Let A be the set of colour pairs of the eight wings in the low orbit and the L, R layers, and B be the set of colour pairs of the eight wings in the high orbit and the L, R layers. We have |A| = |B| = 8 and |A∪B| ≤ 12 (there are only 12 possible colour pairs), so by inclusion-exclusion, |A∩B| ≥ 4, i.e. there are at least four colour pairs shared between A and B. We can choose any four such colour pairs, and then move the midges and wings with those colour pairs onto the L and R layers.

This has C(8,4) ⋅ C(8,4) ⋅ C(12,4) cases to consider, where the four low wings are already in the L, R layers, the four high wings likewise, and the four midges can be anywhere. We do not constrain the four low wings or the four high wings to stay in the L and R layers throughout the subphase; we only require that they end up there.

(The actual computation was done with a BFS through the C(12,4)^3 cases with the wings being anywhere, and then filtered to include only the cases where the low/high wings start on the L and R layers.)

We can use the same inclusion-exclusion trick on, say, the low wings and the midges (instead of low wings and high wings), but that leads to an upper bound of 7 moves, which is worse than the 6 moves we have here.

Let A be the set of colour pairs of the eight wings in the low orbit and the L, R layers, and B be the set of colour pairs of the eight wings in the high orbit and the L, R layers. We have |A| = |B| = 8 and |A∪B| ≤ 12 (there are only 12 possible colour pairs), so by inclusion-exclusion, |A∩B| ≥ 4, i.e. there are at least four colour pairs shared between A and B. We can choose any four such colour pairs, and then move the midges and wings with those colour pairs onto the L and R layers.

This has C(8,4) ⋅ C(8,4) ⋅ C(12,4) cases to consider, where the four low wings are already in the L, R layers, the four high wings likewise, and the four midges can be anywhere. We do not constrain the four low wings or the four high wings to stay in the L and R layers throughout the subphase; we only require that they end up there.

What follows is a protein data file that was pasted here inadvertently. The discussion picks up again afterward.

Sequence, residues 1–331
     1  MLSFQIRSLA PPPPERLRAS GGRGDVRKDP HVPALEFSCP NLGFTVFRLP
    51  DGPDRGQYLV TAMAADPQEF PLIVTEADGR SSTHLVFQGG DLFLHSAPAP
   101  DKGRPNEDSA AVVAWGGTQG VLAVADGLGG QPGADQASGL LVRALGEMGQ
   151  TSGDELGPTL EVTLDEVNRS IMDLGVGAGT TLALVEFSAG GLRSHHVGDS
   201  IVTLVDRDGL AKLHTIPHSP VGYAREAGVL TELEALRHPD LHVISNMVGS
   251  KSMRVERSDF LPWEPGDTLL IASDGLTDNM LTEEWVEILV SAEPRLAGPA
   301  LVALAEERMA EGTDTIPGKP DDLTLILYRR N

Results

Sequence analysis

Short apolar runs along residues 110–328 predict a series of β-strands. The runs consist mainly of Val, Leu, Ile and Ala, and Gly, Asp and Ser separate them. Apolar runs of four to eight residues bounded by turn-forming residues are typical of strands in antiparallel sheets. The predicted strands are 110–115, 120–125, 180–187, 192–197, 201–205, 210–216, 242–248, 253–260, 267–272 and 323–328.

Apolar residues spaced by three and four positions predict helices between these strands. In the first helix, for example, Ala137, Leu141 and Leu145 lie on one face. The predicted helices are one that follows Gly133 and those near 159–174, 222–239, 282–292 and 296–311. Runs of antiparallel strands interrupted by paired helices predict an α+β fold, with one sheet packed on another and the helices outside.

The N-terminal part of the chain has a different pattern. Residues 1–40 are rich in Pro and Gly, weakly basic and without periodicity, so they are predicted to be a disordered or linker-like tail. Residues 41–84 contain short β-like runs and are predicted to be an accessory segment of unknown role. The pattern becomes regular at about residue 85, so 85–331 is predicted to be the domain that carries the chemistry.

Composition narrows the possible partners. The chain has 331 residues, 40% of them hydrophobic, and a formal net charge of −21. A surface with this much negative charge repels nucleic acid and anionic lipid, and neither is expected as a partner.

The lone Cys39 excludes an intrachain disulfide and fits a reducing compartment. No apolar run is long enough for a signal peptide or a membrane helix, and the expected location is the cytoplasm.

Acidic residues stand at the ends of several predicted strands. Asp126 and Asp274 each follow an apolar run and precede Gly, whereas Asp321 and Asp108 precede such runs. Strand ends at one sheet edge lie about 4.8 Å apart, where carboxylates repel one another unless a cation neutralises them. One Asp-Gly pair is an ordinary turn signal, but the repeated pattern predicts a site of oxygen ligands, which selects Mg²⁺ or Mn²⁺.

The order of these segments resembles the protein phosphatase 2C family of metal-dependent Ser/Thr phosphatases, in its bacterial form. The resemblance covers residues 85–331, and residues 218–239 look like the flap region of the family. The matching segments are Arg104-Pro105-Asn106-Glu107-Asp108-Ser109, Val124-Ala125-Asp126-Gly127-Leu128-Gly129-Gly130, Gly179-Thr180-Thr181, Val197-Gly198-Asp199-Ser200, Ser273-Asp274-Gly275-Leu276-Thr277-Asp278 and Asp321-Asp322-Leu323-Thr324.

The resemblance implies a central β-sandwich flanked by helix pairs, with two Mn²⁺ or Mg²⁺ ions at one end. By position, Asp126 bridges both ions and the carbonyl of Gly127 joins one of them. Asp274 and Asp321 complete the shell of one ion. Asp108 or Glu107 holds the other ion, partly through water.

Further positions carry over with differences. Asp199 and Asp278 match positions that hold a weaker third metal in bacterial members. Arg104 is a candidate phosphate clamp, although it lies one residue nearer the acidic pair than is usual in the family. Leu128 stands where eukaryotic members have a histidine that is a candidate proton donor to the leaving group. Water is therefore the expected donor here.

(The actual computation was done with a BFS through the C(12,4)^3 cases with the wings being anywhere, and then filtered to include only the cases where the low/high wings start on the L and R layers.)

We can use the same inclusion-exclusion trick on, say, the low wings and the midges (instead of low wings and high wings), but that leads to an upper bound of 7 moves, which is worse than the 6 moves we have here.

In the second subphase, four tredges are formed out of the pieces chosen in the previous subphase, and these tredges are placed in the E slice positions (FL, BL, BR, FR). The moves used here are almost the same as in phase 5, but off by a z rotation.

Moves allowed: U, D, R, L, F2, B2, Uw2, Dw2, Rw2, Lw2, Fw2, Bw2

Code:

```
0 343000
1 24750
2 194785
3 977228
4 672305
5 204640
6 8792
```

Moves allowed: U2, D2, R, L, F2, B2, Uw2, Dw2, Fw2, Bw2

Code:

```
0 1
1 3
2 17
3 110
4 761
5 4944
6 30453
7 178759
8 995736
9 5144375
10 22521971
11 67281036
12 84004674
13 17258876
14 146284
```

Upper bound: 6 + 14 = 20 moves.

Cumulative upper bound:

**Phase 5: 3x3x3 reduction (except centres)**In this phase, all the tredges are formed; the centres remain in a "3-colour solved" state.

Moves allowed: U, D, R2, L2, F2, B2, Rw2, Lw2, Fw2, Bw2

Code:

```
0 1
1 4
2 26
3 156
4 999
5 5892
6 36376
7 222480
8 1301886
9 7238228
10 36410756
11 144974952
12 343690470
13 262142742
14 16825016
15 1216
```

Upper bound: 15 moves.

Cumulative upper bound:

**Phase 6: Centres**Three subphases: one for the U and D centres, one for the R and L centres, and one for the F and B centres.

Partially obsolete.

Moves allowed (for solving R, L, F and B centres): U2, D2, R, L, F, B, Uw2, Dw2, Rw2, Lw2, Fw2, Bw2

See post #9 for details. Upper bound is 27 moves.

Moves allowed (for solving U and D centres): U, D, R2, L2, F2, B2, Rw2, Lw2, Fw2, Bw2

See post #9 for details. Upper bound is 27 moves.

Moves allowed (for solving U and D centres): U, D, R2, L2, F2, B2, Rw2, Lw2, Fw2, Bw2

Code:

```
0 1
1 -
2 -
3 -
4 2
5 6
6 29
7 146
8 331
9 189
10 592
11 940
12 1560
13 1064
14 40
```

Upper bound:

Cumulative upper bound:

**Phase 7: 3x3x3**Upper bound: 20 moves.

Cumulative upper bound:

Last edited: May 19, 2018